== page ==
Washington, DC Art Teacher Certification and Job Requirements

The District of Columbia has made a commitment to helping students experience the arts as an educational and personal enrichment experience. District standards for visual arts education, adopted in 2008, focus on nurturing artistic perception, production, and creative expression, as well as learning how to understand the historical and cultural context of art. The Office of the State Superintendent of Education Educator Licensure Services handles teacher licensing in the district.

To become an art teacher in DC, follow these steps:

Complete a Bachelor Degree and Teacher Prep Program
Complete Testing
Apply for Your License
Maintain and Upgrade Your License
Pursue Graduate Work



Step 1. Complete a Bachelor Degree and Teacher Prep Program

The first step to becoming an art teacher in the District of Columbia is usually to successfully complete a bachelor’s degree and state-approved educator preparation program at a regionally accredited college or university. As of 2013, the district had 14 state-approved teacher prep programs, including three specifically authorized to prepare students to become art teachers. A list of state-approved teacher prep programs can be found here.

Students in arts-focused educator programs may complete classes in traditional and contemporary art-making processes, art history in the Western world and beyond, critical engagement with art, and aesthetic appreciation. They may also complete art-oriented coursework in literature, math, science, sociology, child development, classroom management, and more.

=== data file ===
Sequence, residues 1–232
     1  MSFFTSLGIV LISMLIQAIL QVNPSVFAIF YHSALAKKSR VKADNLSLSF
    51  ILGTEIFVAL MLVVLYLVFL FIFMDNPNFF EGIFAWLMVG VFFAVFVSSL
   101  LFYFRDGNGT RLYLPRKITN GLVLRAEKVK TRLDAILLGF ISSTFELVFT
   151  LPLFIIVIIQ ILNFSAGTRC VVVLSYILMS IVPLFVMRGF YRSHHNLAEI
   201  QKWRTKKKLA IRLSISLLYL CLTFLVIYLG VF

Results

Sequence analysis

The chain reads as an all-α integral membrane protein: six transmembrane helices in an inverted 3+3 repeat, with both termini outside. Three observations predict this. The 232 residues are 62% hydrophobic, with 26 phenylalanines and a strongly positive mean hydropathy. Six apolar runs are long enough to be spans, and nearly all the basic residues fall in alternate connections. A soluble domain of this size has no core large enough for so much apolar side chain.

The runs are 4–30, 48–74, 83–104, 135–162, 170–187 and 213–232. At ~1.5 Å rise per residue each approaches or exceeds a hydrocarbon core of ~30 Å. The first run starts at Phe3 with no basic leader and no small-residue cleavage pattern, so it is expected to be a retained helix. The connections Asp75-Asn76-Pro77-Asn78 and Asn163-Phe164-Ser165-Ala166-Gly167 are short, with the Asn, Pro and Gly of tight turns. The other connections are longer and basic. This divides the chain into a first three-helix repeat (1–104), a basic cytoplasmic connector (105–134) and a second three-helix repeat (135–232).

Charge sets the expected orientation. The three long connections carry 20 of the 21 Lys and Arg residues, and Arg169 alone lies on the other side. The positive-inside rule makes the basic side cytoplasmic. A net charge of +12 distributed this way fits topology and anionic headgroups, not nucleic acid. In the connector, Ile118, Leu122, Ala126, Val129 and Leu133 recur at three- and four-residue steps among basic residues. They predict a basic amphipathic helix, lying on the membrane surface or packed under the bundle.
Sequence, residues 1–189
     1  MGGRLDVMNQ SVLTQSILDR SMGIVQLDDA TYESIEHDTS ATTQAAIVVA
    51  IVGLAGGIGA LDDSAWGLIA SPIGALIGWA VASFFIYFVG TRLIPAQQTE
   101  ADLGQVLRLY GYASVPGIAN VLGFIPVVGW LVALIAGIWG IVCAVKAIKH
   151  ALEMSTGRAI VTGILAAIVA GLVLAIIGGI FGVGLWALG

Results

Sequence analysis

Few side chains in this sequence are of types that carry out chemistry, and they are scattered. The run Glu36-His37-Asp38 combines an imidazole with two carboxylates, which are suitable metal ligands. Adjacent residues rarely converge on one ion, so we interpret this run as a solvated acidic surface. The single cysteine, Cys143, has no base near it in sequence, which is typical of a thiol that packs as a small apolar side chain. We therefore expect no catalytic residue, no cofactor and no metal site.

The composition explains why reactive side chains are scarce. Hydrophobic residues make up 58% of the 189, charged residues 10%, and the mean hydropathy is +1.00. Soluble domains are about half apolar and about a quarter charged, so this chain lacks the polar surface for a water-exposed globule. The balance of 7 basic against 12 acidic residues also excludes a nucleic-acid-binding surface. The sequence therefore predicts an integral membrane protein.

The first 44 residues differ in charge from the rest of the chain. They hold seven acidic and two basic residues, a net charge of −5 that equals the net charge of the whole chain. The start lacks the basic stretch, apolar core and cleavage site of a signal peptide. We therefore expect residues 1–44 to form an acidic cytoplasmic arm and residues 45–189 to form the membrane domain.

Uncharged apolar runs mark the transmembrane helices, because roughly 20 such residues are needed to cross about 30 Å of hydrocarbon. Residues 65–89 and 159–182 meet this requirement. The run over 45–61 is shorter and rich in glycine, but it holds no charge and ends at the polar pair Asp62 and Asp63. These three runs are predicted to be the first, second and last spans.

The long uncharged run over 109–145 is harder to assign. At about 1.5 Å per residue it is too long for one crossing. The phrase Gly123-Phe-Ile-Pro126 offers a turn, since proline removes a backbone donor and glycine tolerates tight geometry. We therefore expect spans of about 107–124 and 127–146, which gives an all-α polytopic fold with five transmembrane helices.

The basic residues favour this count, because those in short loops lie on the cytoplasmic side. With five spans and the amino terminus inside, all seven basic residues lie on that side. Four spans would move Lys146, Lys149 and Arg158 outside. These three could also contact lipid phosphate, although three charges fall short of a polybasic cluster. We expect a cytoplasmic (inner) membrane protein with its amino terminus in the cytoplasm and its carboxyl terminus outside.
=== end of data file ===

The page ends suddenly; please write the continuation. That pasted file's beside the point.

State law requires minimum of forty-eight semester hours in a program of general or liberal education, including each of the following fields:

(a) Humanities: 12 semester hours, including at least one course in each area:

  1. English grammar and composition (including vocabulary development
  2. and reading comprehension)
  3. Literature, art, music, philosophy
  4. Foreign language

(b) Social Sciences: 12 semester hours, including at least one course in each area

  1. American history
  2. History, anthropology, sociology, economics, political science,
  3. geography, psychology, world studies, or contemporary world cultures

(c) Natural Sciences and Mathematics: 12 semester hours: (at least one course in each area)

  1. Laboratory science
  2. Mathematics

(d) Health and Physical Education 4 semester hours; including coursework in substance abuse education

(e) Eight semester hours from areas 1, 2, or 3 of this subsection

Art teachers instructing prekindergarten through Grade 12 are also required by state law to have completed the following:

(a) Twenty-one semester hours of art in courses from among the following areas with a maximum of three semester hours from any one area:

  1. Design
  2. Drawing
  3. Painting
  4. Printmaking
  5. Commercial art (lettering, poster design, layout, etc.)
  6. Ceramics
  7. Art technology (computer graphic design, photography, etc.)
  8. Sculpture

(b) Six semester hours from among one or more of the following areas:

  1. Jewelry
  2. Fiber art (weaving, textiles, etc.)
  3. Stained glass
  4. Other craft areas

(c) Six semester hours in a specialized art area

(d) Nine semester hours of art history/art appreciation

(e) A portfolio review by a D.C. Public School Art Department specialist

Your portfolio must consist of between 12 and 15 pieces of original artwork that you created during the above coursework.



Step 2. Complete Testing

To become an art teacher in DC you must also successfully pass the following tests:

  • All portions of the Praxis Core Academic Skills for Educators